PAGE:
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Democracies overseas are under siege, and some Americans think the United States should stay out of those struggles. But supporting our friends and allies against barbarism is both in our national interest and part of our identity as a people.
First, here are four new stories from The Atlantic:
Wars of Conquest and Extermination
Last week, I mentioned the field of counterfactual history, the intriguing what-ifs about how great events could have turned out differently. One of the most celebrated of all such stories is a 1941 novel by the prominent science-fiction writer L. Sprague de Camp titled Lest Darkness Fall, in which a 20th-century archeologist named Martin Padway finds himself suddenly transported to sixth-century Rome. Padway knows he has arrived just before the final Gothic War, after which Europe would descend into the Dark Ages, and he uses his knowledge of history and technology to fend off Rome’s collapse. In the end, he secures a better future for Europe and perhaps the world: “Darkness,” the book concludes, “would not fall.”
Padway succeeds because he has the gift of hindsight. He knows with complete certainty what will happen, when, and why, and so he can intervene at key moments to avert disaster. In real life, the rest of us have to plod along in sequential time, doing our best with what we know at the moment.
But sometimes, history shows us the darkness in the distance. We are living through such a moment now. The conflicts in Ukraine and Israel are warnings of the darkness to come.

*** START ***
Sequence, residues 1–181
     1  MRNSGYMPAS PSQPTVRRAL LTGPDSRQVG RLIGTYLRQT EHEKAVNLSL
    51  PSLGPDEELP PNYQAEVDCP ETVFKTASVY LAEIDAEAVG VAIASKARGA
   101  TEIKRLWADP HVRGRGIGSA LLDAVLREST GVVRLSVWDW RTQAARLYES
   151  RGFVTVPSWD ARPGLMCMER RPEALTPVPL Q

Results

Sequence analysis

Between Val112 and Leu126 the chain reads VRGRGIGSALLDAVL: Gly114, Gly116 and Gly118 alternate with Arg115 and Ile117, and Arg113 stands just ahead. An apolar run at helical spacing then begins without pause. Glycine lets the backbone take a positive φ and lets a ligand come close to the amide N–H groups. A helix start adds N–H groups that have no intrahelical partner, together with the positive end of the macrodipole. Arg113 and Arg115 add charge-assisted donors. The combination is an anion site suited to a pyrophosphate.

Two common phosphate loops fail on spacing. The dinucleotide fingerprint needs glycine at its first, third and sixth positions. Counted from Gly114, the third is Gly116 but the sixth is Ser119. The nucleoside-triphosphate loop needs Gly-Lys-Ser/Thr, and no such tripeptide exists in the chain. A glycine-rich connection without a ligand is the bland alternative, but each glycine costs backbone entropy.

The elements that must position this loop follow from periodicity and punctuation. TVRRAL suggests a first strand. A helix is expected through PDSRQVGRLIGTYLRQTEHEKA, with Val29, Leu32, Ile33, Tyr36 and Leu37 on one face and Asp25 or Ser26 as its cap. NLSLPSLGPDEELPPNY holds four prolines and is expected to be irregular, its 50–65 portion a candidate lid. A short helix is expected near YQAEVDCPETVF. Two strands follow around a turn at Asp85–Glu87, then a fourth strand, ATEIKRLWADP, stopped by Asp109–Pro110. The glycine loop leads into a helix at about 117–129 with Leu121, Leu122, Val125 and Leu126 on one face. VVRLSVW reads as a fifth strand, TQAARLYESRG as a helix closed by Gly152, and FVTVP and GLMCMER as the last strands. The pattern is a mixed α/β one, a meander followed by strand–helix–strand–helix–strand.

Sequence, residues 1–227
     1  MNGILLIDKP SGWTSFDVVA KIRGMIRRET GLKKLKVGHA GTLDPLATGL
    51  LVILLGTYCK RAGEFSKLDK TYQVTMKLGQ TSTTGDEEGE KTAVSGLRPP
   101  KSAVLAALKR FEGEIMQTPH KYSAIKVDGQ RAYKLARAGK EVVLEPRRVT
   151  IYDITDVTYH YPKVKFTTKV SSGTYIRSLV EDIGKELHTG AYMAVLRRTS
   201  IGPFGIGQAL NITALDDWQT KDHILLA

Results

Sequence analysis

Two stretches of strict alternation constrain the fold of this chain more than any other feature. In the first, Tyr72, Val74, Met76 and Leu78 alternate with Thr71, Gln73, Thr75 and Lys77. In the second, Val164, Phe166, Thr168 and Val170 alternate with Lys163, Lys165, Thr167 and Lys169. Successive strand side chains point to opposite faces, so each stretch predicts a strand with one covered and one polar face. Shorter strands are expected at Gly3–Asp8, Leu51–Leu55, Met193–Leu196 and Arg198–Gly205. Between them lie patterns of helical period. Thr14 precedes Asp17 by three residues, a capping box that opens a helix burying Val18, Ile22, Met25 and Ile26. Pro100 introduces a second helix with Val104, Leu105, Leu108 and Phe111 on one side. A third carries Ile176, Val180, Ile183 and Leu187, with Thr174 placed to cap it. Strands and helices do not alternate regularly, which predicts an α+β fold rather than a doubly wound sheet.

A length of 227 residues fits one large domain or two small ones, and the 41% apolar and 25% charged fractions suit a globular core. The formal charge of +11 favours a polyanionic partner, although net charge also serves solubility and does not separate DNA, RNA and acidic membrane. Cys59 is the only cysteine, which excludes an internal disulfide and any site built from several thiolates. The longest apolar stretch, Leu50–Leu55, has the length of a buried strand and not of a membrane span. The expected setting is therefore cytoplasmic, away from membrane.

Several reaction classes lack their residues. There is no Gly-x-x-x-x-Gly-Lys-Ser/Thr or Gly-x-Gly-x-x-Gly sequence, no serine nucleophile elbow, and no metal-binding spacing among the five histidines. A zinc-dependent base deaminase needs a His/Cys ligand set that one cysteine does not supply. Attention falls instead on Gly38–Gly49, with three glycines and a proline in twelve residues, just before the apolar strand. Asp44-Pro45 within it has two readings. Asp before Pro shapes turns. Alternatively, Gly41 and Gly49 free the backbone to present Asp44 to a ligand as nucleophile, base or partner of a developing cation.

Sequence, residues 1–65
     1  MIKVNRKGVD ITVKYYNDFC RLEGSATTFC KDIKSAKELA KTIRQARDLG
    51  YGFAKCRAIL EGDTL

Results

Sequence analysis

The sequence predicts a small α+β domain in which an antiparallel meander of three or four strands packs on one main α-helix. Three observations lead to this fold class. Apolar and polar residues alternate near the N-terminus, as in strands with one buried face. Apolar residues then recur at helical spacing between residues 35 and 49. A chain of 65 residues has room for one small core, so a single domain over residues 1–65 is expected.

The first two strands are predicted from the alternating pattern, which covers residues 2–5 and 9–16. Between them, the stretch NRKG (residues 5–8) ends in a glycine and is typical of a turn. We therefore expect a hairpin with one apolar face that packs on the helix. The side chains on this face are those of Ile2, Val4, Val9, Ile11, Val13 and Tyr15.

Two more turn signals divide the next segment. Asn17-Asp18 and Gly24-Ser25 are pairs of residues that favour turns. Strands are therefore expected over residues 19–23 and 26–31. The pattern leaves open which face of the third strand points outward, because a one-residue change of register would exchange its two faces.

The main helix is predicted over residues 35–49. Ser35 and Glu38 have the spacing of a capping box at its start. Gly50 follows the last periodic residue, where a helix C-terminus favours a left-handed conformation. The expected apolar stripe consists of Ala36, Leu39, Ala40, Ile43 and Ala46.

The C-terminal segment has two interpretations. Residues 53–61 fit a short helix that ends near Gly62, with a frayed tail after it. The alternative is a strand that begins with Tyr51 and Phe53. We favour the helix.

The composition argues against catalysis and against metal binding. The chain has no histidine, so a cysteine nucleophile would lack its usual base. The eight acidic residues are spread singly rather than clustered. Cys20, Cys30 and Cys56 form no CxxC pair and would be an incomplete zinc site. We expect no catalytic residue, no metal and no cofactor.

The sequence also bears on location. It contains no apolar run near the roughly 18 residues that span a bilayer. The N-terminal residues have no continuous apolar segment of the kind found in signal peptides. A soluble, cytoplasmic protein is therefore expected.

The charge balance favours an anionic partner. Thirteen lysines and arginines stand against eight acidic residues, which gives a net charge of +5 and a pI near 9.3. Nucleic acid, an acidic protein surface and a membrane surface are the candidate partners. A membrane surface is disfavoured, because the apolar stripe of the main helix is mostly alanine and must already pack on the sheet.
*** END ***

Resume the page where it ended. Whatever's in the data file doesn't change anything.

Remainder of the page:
For many Americans, wars in faraway places seem to be only dangerous snares that might lead us into the jungles of Vietnam, the mountains of Afghanistan, or the sands of Iraq. Involvement seems pointless. Advocates of a more isolationist foreign policy quote what they see as a prescient warning from John Quincy Adams to stay out of the global fray: America, Adams said as secretary of state in an 1821 address to the House, “goes not abroad, in search of monsters to destroy. She is the well-wisher to the freedom and independence of all. She is the champion and vindicator only of her own.”
Wise words in 1821. Today, however, free nations cannot hope to keep their liberties safe in a hothouse while authoritarian tornadoes bear down on them. America and its allies might not want to go abroad looking for monsters, but sooner or later, the monsters will be looking for us. We all have every incentive, in the most personal and concrete way, to prevent such regimes from roaming the Earth at will.
Step back for a moment from the specific nations at war in Europe and the Middle East right now, and think about what kinds of conflicts we’re seeing.
In Europe, a giant, paranoid, nuclear-armed dictatorship has embarked on a war of conquest and genocide against its democratic neighbor. The aggressor, abandoning all pretenses, has simply declared that another nation should not exist and its people must accept their new masters or die.
In the Middle East, a militarized terrorist organization is undertaking a campaign of slaughter, with the intentional aim of inflicting gruesome torture and murder on as many people as possible.
Two wars: one of conquest, one of terror, both aimed at national extermination. As the Atlantic contributor and Johns Hopkins professor Eliot Cohen has put it, these conflicts pit civilization against barbarians. If the barbarians win, they will inflict more devastation, expand their goals, and encourage other regimes to engage in similar barbarism. Over time, they will join hands and ally against us. They will have one another’s backs not because of any tripe about “honor among thieves” or Milton’s “firm concord” among devils damned but because they are not fools: They know that their survival depends on supporting one another in their crimes.
If these barbarians succeed, they could one day affect the lives of Americans in ways most citizens cannot imagine. They could control the passage of goods across the skies and seas; they could hold hostage U.S. citizens who dare to travel abroad; they could imperil American lives by denying access to any number of resources. And if we squawk about any of it, the nuclear-armed powers among them can threaten to immolate an American city as the price of resistance.